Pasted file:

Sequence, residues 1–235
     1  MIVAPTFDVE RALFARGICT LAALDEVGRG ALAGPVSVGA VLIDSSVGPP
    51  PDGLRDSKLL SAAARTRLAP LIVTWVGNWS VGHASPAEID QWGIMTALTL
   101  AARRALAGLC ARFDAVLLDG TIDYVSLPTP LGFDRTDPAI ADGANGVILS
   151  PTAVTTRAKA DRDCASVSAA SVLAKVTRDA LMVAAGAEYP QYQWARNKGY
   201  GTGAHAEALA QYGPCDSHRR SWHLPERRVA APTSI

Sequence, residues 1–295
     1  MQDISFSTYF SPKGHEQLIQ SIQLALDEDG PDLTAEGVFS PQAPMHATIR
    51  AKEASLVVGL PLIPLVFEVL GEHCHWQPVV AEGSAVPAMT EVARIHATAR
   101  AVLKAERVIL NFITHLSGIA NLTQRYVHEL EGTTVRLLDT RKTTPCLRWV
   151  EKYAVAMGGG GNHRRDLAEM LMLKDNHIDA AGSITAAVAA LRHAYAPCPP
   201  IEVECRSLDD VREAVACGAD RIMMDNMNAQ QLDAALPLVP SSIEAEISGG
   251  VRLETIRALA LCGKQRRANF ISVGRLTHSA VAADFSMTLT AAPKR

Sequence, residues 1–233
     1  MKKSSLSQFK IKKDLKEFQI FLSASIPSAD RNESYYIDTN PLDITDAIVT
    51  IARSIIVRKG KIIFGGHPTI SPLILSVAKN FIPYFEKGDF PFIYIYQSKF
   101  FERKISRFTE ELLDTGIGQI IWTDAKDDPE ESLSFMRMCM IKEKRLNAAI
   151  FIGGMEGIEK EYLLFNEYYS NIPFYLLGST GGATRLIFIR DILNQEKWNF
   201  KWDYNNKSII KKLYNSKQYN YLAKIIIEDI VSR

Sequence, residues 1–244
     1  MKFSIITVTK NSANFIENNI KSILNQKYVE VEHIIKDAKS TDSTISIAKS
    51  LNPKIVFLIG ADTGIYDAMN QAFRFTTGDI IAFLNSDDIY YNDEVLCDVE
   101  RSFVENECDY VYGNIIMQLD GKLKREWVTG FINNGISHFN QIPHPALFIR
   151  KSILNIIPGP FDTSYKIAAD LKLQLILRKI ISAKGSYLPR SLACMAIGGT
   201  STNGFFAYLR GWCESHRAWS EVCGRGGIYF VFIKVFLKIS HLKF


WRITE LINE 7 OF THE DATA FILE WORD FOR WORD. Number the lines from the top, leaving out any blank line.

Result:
Sequence, residues 1–295